LAN net (<<interface name="">> net) doesn't include static route networks.</interface>



  • Hello guys,

    I'm having a little problem with firewall rules. I think that I'm not understanding "LAN net" correctly under firewall source/destination section.
    According to https://doc.pfsense.org/index.php/Firewall_Rule_Basics
    LAN net - The subnet configured on the LAN interface under Interfaces > LAN. On pfSense 2.2+, this also includes static route networks on that interface.

    Here is what setup looks like, and what I'm talking about:

    LAN IP: 172.16.1.1 /24

    LAN_GW: 172.16.1.2 /24

    Static routes
    Network: 10.0.0.0 /24 Gateway: LAN_GW
    Network: 10.0.10.0 /24 Gateway: LAN_GW
    Network: 10.0.20.0 /24 Gateway: LAN_GW

    Routing and all communication functions as expected when inspection is off, floating rule any-any is in place, default rules modified, and so on…
    But any rules where "LAN net", or another "<interface name=""></interface> net" is selected either as source or destination don't seem to apply to any static route networks, including Default rules created by pfSense. pfSence can't be pinged from, or pass traffic to outside world from any hosts on any of the static route networks (10.0.0.0 /24 for example), unless I create a separate rule for each network, or use any as source. However, automatic NAT rules are created for static route networks.

    The question is. Is it expected behavior and I'm not understanding "LAN net" option correctly, or am I doing something wrong, or it's a bug?

    Thank you.



  • That's how it's supposed to work. LAN net is strictly for the directly-attached networks. That wiki edit was meant to clarify the use of IP aliases, which are added to the net aliases in 2.2+. I fixed it.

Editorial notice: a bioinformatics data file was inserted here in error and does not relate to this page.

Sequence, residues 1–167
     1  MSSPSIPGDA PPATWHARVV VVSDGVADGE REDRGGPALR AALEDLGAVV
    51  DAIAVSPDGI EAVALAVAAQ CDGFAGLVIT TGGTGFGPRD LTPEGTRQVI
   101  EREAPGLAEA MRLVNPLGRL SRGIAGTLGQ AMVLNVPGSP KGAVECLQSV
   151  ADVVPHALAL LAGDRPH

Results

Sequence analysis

• LAYER 8 Global Moderator

    Curious why would you make a transit network /24??

    And you created a gateway for that right, you didn't actually put the gateway on the interface..



  • @cmb:

    That's how it's supposed to work. LAN net is strictly for the directly-attached networks. That wiki edit was meant to clarify the use of IP aliases, which are added to the net aliases in 2.2+. I fixed it.

    Thank you for clarifying:) Which leads me to suggestion that I should probably place in a feature request somewhere…

    Ability to create static and dynamic (wishful thinking here) network objects. A single entity for set of networks, IPs, hosts for static, and some rules to populate dynamic (static route networks, OSPF, BGP networks, or something like that). Something similar to Interface groups. I can probably think of at least 3 scenarios where it would enhance experience:

    1. Firewall rules - something that I've started his whole thread with.

    2. NAT - Multi-LAN each with Multi-VLAN scenario where user doesn't want to use NAT. Single "Do not NAT", or NAT everything if destination "is not" rule would eliminate some headaches.

    3. IPSec / OpenVPN - Automatic stage 2 creation to include all members in a Network object. Push all object network members to OpenVPN clients.

    Well, going a bit of topic here... Once again thank you very much for clarifying this.



  • @johnpoz:

    Curious why would you make a transit network /24??

    And you created a gateway for that right, you didn't actually put the gateway on the interface..

    The network is actually /29, sorry, I didn't think that it was of much importance in this particular case.